Kyle Davis, a DSI Postdoctoral Fellow, Studies How Climate Affects Crops in India

Kyle Davis is an environmental data scientist whose research seeks to increase food supplies in developing countries. He combines techniques from environmental science and data science to understand patterns in the global food system and develop strategies that make food-supply chains more nutritious and sustainable.

 

Since joining the Data Science Institute as a postdoctoral fellow in September 2018, Davis has co-authored four papers, all of which detail how developing countries can sustainably improve their crop production. For his latest study, he focuses on India, home to 1.3 billion people, where he led a team that studied the effects of climate on five major crops: finger millet, maize, pearl millet, sorghum and rice. These crops make up the vast majority of grain production during the June-to-September monsoon season – India’s main growing period – with rice contributing three-quarters of the grain supply for the season. Taken together, the five grains are essential for meeting India’s nutritional needs.

 

And in a paper published today in Environmental Research Letters, Davis found that the yields from grains such as millet, sorghum, and maize are more resilient to extreme weather; their yields vary significantly less due to year-to-year changes in climate and generally experience smaller declines during droughts. But yields from rice, India’s main crop, experience larger declines during extreme weather conditions. “By relying more and more on a single crop – rice – India’s food supply is potentially vulnerable to the effects of varying climate,” said Davis, the lead author on the paper,  Sensitivity of Grain Yields to Historical Climate Sensitivity in India , which has four co-authors, all of whom collaborated on the research.

 

“Expanding the area planted with these four alternative grains can reduce variations in Indian grain production caused by extreme climate, especially in the many places where their yields are comparable to rice,” Davis added. “Doing so will mean that the food supply for the country's massive and growing population is less in jeopardy during times of drought or extreme weather.”

 

Temperatures and rainfall amounts in India vary from year to year and influence the amount of crops that farmers can produce. And with episodes of extreme climate such as droughts and storms becoming more frequent, it's essential to find ways to protect India’s crop production from these shocks, according to Davis.

 

The authors combined historical data on crop yields, temperature, and rainfall. Data on the yields of each crop came from state agricultural ministries across India and covered 46 years (1966-2011) and 593 of India's 707 districts. The authors also used modelled data on temperature (from the University of East Anglia's Climate Research Unit) and precipitation (derived from a network of rain gauges maintained by the Indian Meteorological Department). Using these climate variables as predictors of yield, they then employed a linear mixed effects modelling approach – similar to a multiple regression ‒ to estimate whether there was a significant relationship between year-to-year variations in climate and crop yields.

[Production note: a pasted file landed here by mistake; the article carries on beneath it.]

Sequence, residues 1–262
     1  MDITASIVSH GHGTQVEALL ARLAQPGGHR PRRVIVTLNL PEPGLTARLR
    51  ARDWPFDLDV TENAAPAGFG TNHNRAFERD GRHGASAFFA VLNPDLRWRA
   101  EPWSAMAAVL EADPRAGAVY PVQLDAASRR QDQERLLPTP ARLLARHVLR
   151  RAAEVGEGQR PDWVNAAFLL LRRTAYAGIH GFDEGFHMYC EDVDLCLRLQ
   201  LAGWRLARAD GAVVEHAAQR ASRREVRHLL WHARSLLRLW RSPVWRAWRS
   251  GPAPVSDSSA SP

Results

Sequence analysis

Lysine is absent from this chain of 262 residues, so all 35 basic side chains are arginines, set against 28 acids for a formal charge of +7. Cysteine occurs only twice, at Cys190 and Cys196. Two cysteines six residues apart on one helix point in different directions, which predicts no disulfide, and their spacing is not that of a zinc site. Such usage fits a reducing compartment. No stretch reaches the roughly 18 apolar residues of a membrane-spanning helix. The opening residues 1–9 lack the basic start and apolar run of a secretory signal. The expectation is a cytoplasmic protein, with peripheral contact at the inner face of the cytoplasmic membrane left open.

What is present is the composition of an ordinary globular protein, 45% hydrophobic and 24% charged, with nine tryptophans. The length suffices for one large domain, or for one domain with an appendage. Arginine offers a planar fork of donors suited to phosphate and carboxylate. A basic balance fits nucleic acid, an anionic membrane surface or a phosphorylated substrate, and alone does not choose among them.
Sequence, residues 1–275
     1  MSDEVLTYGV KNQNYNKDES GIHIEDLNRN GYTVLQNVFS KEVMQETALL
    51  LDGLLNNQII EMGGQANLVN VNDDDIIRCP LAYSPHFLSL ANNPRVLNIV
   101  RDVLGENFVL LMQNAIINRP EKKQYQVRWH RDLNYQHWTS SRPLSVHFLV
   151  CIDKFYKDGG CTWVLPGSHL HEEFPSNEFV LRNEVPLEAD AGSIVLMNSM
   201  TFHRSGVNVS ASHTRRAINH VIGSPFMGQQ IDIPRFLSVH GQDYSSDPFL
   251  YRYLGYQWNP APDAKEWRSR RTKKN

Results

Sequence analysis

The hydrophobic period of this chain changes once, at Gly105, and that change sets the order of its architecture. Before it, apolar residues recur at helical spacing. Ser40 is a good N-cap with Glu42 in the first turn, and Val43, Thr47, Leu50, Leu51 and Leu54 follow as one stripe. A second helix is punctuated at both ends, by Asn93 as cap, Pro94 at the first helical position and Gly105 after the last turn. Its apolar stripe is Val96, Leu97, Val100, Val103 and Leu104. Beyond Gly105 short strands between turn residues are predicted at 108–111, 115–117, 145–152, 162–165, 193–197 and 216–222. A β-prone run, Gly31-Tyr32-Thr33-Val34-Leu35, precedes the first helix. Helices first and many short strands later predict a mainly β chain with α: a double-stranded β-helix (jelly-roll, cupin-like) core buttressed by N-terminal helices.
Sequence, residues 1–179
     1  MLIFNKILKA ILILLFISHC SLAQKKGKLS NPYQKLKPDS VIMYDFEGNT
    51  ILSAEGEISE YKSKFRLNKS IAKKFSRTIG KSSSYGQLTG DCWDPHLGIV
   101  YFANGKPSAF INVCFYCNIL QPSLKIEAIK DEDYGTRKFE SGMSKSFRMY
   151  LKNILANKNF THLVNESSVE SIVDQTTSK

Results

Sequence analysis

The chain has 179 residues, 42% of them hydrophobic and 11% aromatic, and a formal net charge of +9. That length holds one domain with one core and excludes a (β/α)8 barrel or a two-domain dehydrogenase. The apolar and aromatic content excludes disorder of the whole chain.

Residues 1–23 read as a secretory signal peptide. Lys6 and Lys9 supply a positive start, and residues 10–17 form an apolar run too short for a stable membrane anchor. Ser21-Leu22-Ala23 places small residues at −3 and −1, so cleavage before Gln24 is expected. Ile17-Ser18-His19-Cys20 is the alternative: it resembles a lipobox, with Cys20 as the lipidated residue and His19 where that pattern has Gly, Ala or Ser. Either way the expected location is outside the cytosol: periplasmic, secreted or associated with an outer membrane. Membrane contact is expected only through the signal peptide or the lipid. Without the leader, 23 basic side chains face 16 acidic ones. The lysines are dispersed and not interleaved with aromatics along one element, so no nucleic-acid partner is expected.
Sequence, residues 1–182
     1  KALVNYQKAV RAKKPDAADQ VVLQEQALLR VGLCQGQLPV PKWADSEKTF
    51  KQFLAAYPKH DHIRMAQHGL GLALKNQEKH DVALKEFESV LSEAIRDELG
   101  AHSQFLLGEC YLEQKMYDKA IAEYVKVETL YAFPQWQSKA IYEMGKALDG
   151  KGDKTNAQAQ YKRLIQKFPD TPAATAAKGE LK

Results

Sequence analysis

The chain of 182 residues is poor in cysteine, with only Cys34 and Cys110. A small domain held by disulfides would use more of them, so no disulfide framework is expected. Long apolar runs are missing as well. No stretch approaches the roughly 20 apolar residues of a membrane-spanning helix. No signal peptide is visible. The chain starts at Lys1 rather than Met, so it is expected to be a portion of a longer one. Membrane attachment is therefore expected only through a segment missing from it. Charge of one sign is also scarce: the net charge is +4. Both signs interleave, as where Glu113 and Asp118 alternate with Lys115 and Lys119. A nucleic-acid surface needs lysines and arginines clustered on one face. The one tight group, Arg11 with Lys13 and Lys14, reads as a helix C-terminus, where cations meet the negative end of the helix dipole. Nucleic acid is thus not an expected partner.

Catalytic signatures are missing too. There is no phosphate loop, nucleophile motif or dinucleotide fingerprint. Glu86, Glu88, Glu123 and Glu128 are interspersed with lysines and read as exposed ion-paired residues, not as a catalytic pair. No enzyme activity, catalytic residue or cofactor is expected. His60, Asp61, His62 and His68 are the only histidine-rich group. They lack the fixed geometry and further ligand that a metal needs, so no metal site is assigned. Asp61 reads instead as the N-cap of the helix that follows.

“This study shows that diversifying the crops that a country grows can be an effective way to adapt its food-production systems to the growing influence of climate change,” said Davis. “And it adds to the evidence that increasing the production of alternative grains in India can offer benefits for improving nutrition, for saving water, and for reducing energy demand and greenhouse gas emissions from agriculture.”

 

The research was supported by the Data Science Institute, The Nature Conservancy's NatureNet Science Fellows program, and the European Research Council. The co-authors on the paper are Ashwini Chhatre, an Associate Professor of Public Policy at the Indian School of Business in Hyderabad; Narasimha D Rao, Assistant Professor of Energy Systems at Yale’s School of Forestry and Environmental Studies; Deepti Singh, an Assistant Professor in the School of the Environment at Washington State University in Vancouver; and Ruth DeFries, University Professor of Ecology and Sustainable Development at Columbia University.   

 

—By Robert Florida


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